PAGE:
Extractions

Dr. Finley may determine that you need a tooth extracted  for any number of reasons. Some teeth are extracted because they are severely decayed; others may have advanced periodontal disease, or have broken in a way that cannot be repaired. Other teeth may need removal because they are poorly positioned in the mouth (such as impacted teeth), or in preparation for orthodontic treatment.

The removal of a single tooth can lead to problems related to your chewing ability, problems with your jaw joint, and shifting teeth, which can have a major impact on your dental health.

To avoid these complications, Dr. Finley will discuss alternatives to extractions as well as replacement of the extracted tooth.

The Extraction Process

At the time of extraction the doctor will need to numb your tooth, jawbone and gums that surround the area with a local anesthetic.

During the extraction process you will feel some pressure. This is from the process of firmly rocking the tooth in order to widen the socket for removal.

You feel the pressure WITHOUT PAIN as the anesthetic has numbed the nerves stopping the transference of pain, yet the nerves that transmit pressure are not profoundly affected.

If you do feel pain at any time during the extraction please let us know right away.

Sectioning a tooth

Some teeth require sectioning. This is a very common procedure done when a tooth is so firmly anchored in its socket or the root is curved and the socket can’t expand enough to remove it. The doctor simply cuts the tooth into sections then removes each section one at a time.

After Extraction Home Care

Bleeding

Some bleeding may occur. Placing a piece of moist gauze over the empty tooth socket and biting down with moderate pressure for 45 minutes can control this.  You may change gauze packs if necessary.  We will provide you with extras.  Also, biting on a WET teabag can help to stop the bleeding.  There is a chemical in tea that helps the blood clot to form, which must happen for normal healing to occur.

Blood clots that form in the empty socket.

This is an important part of the healing process and you must be careful not to dislodge the clot.

  • Avoid aggressive rinsing for 24 hours after the extraction.
  • Avoid use of a straw, smoking or hot liquids for 3 days afterward.
  • Avoid eating foods that do not dissolve quickly, such as nuts, seeds and popcorn.

Swelling

If swelling occurs you can place ice on your face for 20 minutes and off for 20 minutes. Keep your head elivated and repeat this cycle as you feel necessary for up to 24 hours.  After you see the swelling going away, you can use heating pads to accelerate healing.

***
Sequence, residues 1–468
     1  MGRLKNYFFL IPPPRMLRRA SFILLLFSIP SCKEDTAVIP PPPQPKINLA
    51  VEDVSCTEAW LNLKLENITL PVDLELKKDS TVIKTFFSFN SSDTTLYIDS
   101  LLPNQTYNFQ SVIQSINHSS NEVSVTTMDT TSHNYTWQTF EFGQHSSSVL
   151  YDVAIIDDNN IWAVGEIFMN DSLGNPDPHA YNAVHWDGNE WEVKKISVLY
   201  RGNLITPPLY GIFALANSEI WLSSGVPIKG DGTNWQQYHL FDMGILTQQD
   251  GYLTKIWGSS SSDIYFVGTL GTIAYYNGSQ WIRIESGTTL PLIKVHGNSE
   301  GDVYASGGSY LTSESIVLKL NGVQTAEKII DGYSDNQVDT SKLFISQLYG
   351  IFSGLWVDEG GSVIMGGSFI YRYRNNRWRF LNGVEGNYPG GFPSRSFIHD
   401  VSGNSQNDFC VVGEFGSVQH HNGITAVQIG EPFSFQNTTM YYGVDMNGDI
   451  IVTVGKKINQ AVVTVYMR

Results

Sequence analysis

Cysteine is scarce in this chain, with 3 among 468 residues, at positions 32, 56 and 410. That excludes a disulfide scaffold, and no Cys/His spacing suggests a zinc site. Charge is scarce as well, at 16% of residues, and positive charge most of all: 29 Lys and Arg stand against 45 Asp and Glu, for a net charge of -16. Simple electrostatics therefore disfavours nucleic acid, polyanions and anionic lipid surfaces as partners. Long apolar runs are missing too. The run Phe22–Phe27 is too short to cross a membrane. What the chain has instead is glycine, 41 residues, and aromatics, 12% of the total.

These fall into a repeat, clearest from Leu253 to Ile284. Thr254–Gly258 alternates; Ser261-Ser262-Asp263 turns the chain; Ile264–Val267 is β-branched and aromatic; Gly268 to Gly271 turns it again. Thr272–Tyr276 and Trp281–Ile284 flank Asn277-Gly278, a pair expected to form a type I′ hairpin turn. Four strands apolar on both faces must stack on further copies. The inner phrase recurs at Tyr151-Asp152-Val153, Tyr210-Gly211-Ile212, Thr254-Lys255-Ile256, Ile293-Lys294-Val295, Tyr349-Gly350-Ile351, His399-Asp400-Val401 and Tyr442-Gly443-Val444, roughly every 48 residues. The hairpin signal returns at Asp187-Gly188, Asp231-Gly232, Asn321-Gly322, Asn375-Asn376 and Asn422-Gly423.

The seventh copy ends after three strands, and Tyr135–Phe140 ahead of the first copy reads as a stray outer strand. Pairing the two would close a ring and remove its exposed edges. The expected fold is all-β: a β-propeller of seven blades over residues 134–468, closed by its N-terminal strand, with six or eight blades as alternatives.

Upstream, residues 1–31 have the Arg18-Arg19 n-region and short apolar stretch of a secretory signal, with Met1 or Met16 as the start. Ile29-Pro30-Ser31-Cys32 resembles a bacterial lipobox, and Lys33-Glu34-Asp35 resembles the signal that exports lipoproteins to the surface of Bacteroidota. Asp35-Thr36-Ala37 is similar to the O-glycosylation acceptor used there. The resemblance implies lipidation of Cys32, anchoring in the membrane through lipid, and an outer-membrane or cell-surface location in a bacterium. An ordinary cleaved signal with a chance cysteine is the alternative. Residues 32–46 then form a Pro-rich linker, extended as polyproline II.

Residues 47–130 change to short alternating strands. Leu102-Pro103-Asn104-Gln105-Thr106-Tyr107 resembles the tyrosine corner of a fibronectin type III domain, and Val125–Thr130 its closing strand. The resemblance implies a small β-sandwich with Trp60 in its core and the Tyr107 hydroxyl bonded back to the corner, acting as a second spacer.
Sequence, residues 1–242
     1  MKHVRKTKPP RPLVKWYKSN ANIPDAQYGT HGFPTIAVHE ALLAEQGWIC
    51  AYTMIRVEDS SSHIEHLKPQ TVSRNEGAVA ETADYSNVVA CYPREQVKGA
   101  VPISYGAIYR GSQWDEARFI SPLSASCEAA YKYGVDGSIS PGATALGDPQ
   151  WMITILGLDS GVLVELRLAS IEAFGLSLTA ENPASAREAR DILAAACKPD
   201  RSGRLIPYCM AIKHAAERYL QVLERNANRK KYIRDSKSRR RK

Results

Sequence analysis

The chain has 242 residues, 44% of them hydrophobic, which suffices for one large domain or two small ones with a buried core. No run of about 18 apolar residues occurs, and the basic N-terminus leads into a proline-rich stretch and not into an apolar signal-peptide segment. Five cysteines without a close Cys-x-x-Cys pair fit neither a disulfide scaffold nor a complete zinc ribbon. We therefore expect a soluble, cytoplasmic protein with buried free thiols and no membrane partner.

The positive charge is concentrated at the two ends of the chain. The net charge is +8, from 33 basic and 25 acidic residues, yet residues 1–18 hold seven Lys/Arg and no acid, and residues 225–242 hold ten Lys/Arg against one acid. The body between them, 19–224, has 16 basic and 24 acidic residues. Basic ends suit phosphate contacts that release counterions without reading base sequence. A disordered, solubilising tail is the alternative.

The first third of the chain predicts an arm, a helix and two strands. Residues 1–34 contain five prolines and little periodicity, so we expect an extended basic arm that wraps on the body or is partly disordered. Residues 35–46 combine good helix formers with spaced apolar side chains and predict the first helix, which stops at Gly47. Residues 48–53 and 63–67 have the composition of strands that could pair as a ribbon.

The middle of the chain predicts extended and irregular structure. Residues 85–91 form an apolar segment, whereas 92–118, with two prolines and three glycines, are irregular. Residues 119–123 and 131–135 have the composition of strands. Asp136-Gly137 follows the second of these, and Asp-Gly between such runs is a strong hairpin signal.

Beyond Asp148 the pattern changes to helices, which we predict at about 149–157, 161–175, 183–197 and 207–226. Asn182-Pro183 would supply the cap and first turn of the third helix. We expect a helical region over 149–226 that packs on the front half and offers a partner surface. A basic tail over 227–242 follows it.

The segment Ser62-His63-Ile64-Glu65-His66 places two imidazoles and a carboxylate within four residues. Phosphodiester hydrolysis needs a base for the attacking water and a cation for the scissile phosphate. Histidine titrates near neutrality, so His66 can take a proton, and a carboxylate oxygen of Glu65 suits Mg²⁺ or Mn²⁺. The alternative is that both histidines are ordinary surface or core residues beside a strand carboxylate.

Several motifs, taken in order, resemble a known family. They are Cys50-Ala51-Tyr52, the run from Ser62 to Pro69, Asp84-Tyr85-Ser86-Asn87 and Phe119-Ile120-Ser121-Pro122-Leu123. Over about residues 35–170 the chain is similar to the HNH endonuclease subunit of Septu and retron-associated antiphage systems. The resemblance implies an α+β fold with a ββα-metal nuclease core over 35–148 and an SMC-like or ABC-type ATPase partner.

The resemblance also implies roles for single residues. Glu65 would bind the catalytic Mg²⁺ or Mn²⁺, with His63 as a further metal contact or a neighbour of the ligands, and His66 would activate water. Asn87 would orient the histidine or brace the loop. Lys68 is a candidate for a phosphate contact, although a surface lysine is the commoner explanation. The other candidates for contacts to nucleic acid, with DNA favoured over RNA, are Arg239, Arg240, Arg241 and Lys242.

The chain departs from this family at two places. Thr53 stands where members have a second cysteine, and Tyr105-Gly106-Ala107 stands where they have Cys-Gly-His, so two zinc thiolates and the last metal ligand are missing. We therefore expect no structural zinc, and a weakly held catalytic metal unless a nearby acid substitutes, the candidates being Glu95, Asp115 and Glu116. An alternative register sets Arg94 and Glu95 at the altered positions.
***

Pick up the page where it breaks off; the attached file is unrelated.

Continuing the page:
Pain and Medications

If you experience pain you may use non-prescription pain relief medications such as acetaminophen or ibuprofen.  But, follow the directions on the bottles to avoid damage to your liver and kidneys.

Eating

For most extractions just make sure you do your chewing away from the extraction site. Stay away from hot liquids and alcoholic beverages for 24 hours. A soft diet may be recommended for 24 hours.

Brushing and Cleaning

After the extraction avoid brushing the teeth near the extraction site for one day. After that you can resume gentle cleaning. Avoid commercial mouth rinses, as they tend to irritate the site. Beginning 24 hours after the extraction you can rinse with salt water (1/2 teaspoon in a cup of water) after meals and before bed.

Dry Socket

Dry socket occurs when a blood clot fails to form in the socket where the tooth has been extracted or the clot has been dislodged, and the healing is significantly delayed.

Following the post extraction instructions will reduce the chances of developing dry socket. Dry sockets manifest themselves as a dull throbbing pain, which doesn’t usually appear until two to four days after the extraction. The pain can be moderate to severe and radiate from the extraction area. Dry sockets may cause a bad taste or bad breath and the extraction site appears dry and may have a dark discoloration.  Smoking may contribute to the development of a dry socket, so try to limit this activity before and after your appointment.

Dr. Finley will need to treat the area to allow for more rapid healing.

Healing

After a tooth has been extracted there will be a resulting hole in your jawbone where the tooth was. In time, this will smooth and fill in with bone. This process can take many weeks or months. However, after 3-4 weeks you should no longer experience any significant problems.